Who hasn’t watched sports on TV and found themselves envious of the perfect two-tone striping of the grass at the stadium or golf course?
Learning how to stripe your lawn and produce the same eye-catching effect is easier than you may think. The secret behind the dark and light stripes is all in the cut. And getting the grass to bend in opposite directions.
There are various methods to stripe a lawn. The easiest is a lawn striping kit. But you can skip this and use a mower roller instead if you have a tow-behind or a push lawnmower.
These are sometimes known as yard rollers. A tow-behind, meanwhile, can be fitted to a ride-on lawn-mower, garden or lawn tractor.
How to stripe a lawn: 101
Not all grass is equal when it comes to producing a beautifully striped lawn, unfortunately.
Generally speaking, cool-season grasses such as bluegrass, fescue, or rye are the best for a stripey lawn.
Zoysia or Bermuda, typical warm-season grasses, aren’t so good at producing stripes as they don’t bend as much. The stripes will be subtle and less prominent.
Once you start striping your lawn, it won’t only look nicer; the grass will be healthier as a result. This health boost is because mowing in one direction tends to cause rutting and uneven growth.
Grass that’s taller in one part of the lawn will overshadow that in any dips hindering growth. By contrast, striping a lawn gets the grass the same height, ensuring every blade of grass gets sufficient sun throughout the growing season.
Another top tip is always to ensure your mower blade is sharp. A dull mower blade will never cut neatly and tears rather than cuts. A sharp cutting edge will also help bend the grass much better.
And never mow or use a lawn striping kit after rain. Wet grass will only end up looking matted after being subjected to mower wheels or yard rollers.
Ideally, it would help if you aim to keep your grass around no taller than 2.5 to four inches. For maximum striping, always mow on a taller blade setting. Longer grass will bend better than shorter grass.
A higher mowing setting is crucial to lawn striping. Even as little as half an inch can make a dramatic contrast difference.
As a rule of thumb, please don’t cut your grass by any more than a third of its height. Grass that’s too short is susceptible to weeds and unhealthy as well as being challenging to stripe.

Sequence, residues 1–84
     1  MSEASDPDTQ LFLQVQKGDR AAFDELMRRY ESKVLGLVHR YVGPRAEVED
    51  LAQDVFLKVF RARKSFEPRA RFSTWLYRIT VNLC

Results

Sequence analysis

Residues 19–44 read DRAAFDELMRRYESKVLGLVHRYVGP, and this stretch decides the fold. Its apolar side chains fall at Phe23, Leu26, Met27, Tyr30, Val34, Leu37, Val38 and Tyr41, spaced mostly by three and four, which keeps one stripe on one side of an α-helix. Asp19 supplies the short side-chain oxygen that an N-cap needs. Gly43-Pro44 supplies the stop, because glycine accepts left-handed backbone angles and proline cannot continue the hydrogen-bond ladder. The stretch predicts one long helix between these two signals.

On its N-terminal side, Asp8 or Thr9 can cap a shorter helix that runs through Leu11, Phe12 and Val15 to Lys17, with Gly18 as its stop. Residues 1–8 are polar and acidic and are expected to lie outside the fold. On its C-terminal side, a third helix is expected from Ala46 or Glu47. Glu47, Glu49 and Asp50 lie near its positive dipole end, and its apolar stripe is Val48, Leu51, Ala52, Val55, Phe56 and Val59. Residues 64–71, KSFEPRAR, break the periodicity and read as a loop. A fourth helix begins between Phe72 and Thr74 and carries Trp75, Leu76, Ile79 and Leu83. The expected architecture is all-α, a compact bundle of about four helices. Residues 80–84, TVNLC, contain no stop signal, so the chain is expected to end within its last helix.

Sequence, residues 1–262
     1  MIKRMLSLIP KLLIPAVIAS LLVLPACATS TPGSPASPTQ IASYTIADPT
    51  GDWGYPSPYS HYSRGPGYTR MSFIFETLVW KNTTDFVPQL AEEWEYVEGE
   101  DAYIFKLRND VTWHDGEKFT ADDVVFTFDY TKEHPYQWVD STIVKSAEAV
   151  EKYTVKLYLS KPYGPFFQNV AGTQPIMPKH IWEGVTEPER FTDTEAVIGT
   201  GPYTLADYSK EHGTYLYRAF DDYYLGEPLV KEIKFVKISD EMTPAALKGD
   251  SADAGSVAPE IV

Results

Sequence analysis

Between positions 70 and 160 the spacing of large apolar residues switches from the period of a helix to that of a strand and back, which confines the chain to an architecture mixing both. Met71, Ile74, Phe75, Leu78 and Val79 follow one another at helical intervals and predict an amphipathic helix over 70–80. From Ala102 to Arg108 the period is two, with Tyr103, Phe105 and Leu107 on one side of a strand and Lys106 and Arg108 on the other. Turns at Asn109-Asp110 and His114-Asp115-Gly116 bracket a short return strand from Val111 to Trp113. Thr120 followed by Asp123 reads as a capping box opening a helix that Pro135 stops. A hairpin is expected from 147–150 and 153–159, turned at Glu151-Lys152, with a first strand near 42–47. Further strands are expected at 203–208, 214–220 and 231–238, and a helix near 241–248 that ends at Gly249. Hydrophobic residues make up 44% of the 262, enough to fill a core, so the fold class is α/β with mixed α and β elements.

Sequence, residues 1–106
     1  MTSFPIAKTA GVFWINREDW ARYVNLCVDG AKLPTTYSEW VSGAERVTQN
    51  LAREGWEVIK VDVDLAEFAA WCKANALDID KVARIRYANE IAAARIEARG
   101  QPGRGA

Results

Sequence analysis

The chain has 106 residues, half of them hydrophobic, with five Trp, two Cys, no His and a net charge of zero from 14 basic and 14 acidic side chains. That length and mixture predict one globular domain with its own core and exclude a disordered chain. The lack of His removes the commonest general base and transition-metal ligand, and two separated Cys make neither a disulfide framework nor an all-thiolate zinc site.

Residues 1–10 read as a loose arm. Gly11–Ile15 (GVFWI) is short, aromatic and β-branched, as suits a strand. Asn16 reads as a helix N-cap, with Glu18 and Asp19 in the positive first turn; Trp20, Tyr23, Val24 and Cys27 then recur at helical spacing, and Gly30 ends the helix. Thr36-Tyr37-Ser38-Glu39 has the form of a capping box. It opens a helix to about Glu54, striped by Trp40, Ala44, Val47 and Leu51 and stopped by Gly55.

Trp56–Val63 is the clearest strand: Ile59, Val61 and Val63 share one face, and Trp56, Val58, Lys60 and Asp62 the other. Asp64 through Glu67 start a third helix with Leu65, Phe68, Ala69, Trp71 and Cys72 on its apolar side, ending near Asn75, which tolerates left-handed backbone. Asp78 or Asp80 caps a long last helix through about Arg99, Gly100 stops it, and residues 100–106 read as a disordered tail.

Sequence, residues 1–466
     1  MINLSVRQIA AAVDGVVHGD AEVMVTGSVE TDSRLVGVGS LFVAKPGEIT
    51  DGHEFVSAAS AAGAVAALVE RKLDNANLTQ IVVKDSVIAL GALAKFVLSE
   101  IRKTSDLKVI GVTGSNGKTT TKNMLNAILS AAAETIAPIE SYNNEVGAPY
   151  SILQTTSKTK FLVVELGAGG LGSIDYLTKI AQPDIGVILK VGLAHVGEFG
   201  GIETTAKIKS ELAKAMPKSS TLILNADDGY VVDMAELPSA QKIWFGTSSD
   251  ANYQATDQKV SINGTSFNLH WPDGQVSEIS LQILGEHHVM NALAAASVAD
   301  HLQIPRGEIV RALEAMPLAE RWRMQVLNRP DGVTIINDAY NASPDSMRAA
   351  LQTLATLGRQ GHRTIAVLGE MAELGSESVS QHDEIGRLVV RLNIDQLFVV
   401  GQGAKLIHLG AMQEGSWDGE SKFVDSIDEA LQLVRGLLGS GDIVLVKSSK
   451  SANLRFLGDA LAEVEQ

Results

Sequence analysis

After striping your lawn for a few weeks, be sure to change your mowing pattern. It’s not a good idea to have the grass bending in one direction all the time. Shake things up a little by changing your north-south cut to east-west. Or get creative and try out diagonal stripes for a bit of variety.
How to mow a straight stripes lawn
As ever, check your lawn for hazards such as forgotten garden tools or discarded kids’ toys, etc., before you start to mow.
If you have a new lawnmower or ride-on tractor, always read over the manual’s mowing instructions first.
For regular straight line lawn striping, find a straight edge, like a path or driveway, to use as a guide. Begin mowing parallel to your straight edge to form the first stripe. At the end of that run, make a tight 180-degree turn. Or raise the mower deck depending on what you are using.
Once you are about-face, continue the next stripe back the way you came. If you leave a series of noticeable turn marks, you can fix that later by mowing a final edging stripe.
How to make a checkerboard striping pattern in your lawn
For that classic checkerboard or cross pattern look, follow the instructions above for straight stripes lawn mowing.
Then lift your mower’s deck and get in position to mow stripes at right angles. When you have completed this second set of stripes, you can again hide turn marks with a further perimeter stripe to frame your handiwork.
How to get circular stripes on your lawn
Once you have mastered straight stripes, up your lawn striping game with circles.
Start by mowing twice around the perimeter. Next, switch off your mower and move it to the dead center of the area you wish to start the first circle.
Startup your mower once more and cut the tightest circle you can. Mow the second circle in the opposite direction. Overlap slightly every alternating circle.
When you’re done circling, finish off with a final strip around the perimeter.
If you’re disappointed with the outcome, you can mow back over it or take a rest and let it grow back.
Getting your lawn design perfect takes time and practice, so don’t beat yourself up too much over your first attempt. Persevere, and you will soon have a professional-looking lawn.
Check out online some of the most attractive mowing designs of ballparks and sports stadiums in the country.
How to stripe your lawn around obstacles
If there are immovable objects in your path – trees, flowerbeds, etc. – mow around them as usual.
On the way back on the next stripe, just mow any unsightly turn marks to keep your stripes appearing even.
How to make diagonal lawn stripes
To get the iconic diamond pattern on your lawn, again start with a perimeter stripe.
Then mow a set of straight stripes in opposite directions. Next, mow a different set of stripes diagonally. Again, change the direction of travel after each stripe.
Finish up with another pass around the edge of your lawn.
The benefits of lawn striping
Lawn striping can help to showcase a specimen tree, for example. Or help to make a water feature or gazebo more of a focal point.
Striping will also help maintain your lawn health, and you will almost certainly receive a few neighborly compliments about your grass.
Another overlooked benefit is that you can use the stripes as guidelines when applying fertilizer or putting down fresh grass seed.